According to the book Saucerful of Secrets: The Pink Floyd Odyssey, Barrett himself actually turned up at the studio in the middle of a recording session of the backing vocals for "Shine On You Crazy Diamond" on 5 June 1975, which was also the day David Gilmour married his first wife, Ginger. He arrived unannounced and had put on so much weight that some of the band did not recognise him at first. He had also shaved off all his hair, including his eyebrows (which was alluded to in The Wall). Jerry Shirley mistook him for a Hare Krishna devotee. Others were close to tears: Waters later confided that he cried. They played a song for him (Mason says he doesn't remember which but mentions some "legends" alluding that it was "Shine On You Crazy Diamond"). When they were done, Barrett sat motionless. When someone said to play it again, Syd asked what would be the point, as they had already just heard it. They also played him "Wish You Were Here", and asked him what he thought, to which he replied, "Sounds a bit old". He asked at one point if there was anything he could do and that he was available if needed. Later on, one of the band's technicians, Phil Taylor, saw Syd looking for a lift. Avoiding an awkward situation, Taylor ducked down in the car as he passed and it is not known how Barrett managed to get back home. Barrett hadn't been seen by the band in five years, and wasn't seen again after that point. Echoing Barrett's presence, Rick Wright plays a subtle refrain from "See Emily Play" in the final seconds of the album.
In a July 2006 interview with a New York City radio station before Barrett's death, Gilmour indicated he had not talked with Barrett since 1975.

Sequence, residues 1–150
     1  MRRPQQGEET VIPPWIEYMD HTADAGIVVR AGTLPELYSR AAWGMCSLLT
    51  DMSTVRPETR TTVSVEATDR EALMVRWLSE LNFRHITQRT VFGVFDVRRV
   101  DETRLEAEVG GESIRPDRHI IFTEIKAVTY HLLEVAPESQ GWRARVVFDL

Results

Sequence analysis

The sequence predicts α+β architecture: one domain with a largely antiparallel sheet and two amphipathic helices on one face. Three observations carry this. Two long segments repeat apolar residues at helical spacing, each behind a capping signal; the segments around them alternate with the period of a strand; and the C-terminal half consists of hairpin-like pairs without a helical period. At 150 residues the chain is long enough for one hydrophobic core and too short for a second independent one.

Reissues And Remastering
Wish You Were Here was originally released on Harvest Records in the UK and Columbia Records in the US. It was first digitally remastered and released in 1992 for the box set Shine On. In 1993, Sony Mastersound released a 24 Karat Gold CD of the album which was remastered from the original master recording, and also had all of the original art work from the record LP. Sony Mastersound issued this gold-plated CD in both a longbox and regular CD form with a cardboard covering. Then, the 1992 remaster was made available in 1994 as a CD in its own right in the UK and Europe, on the EMI label. In 1997, an updated remastered version was released by Columbia for the rest of the world. The album was subsequently re-released on April 25, 2000 in time for for its 25th anniversary, on the Capitol Records label in the US, and on the EMI label for the rest of the world using the 1997 remaster but featured the 1994 European remaster artwork.
Wish You Were Here was planned to be re-released as a dual-layered Super Audio Compact Disc in late 2005 to commemorate the album's thirtieth anniversary, but the release has been pushed back into 2006. Dark Side of the Moon had received the same treatment in 2003 for its own thirtieth anniversary.
In 1998, Q magazine readers voted Wish You Were Here the 34th greatest album of all time.
In 2003, the album was ranked number 209 on Rolling Stone magazine's list of the 500 greatest albums of all time. This happened twenty-eight years after the magazine initially panned and trashed the recording. Reviewer Ben Edmonds wrote in the November 6, 1975 issue "Passion is everything of which Pink Floyd is devoid."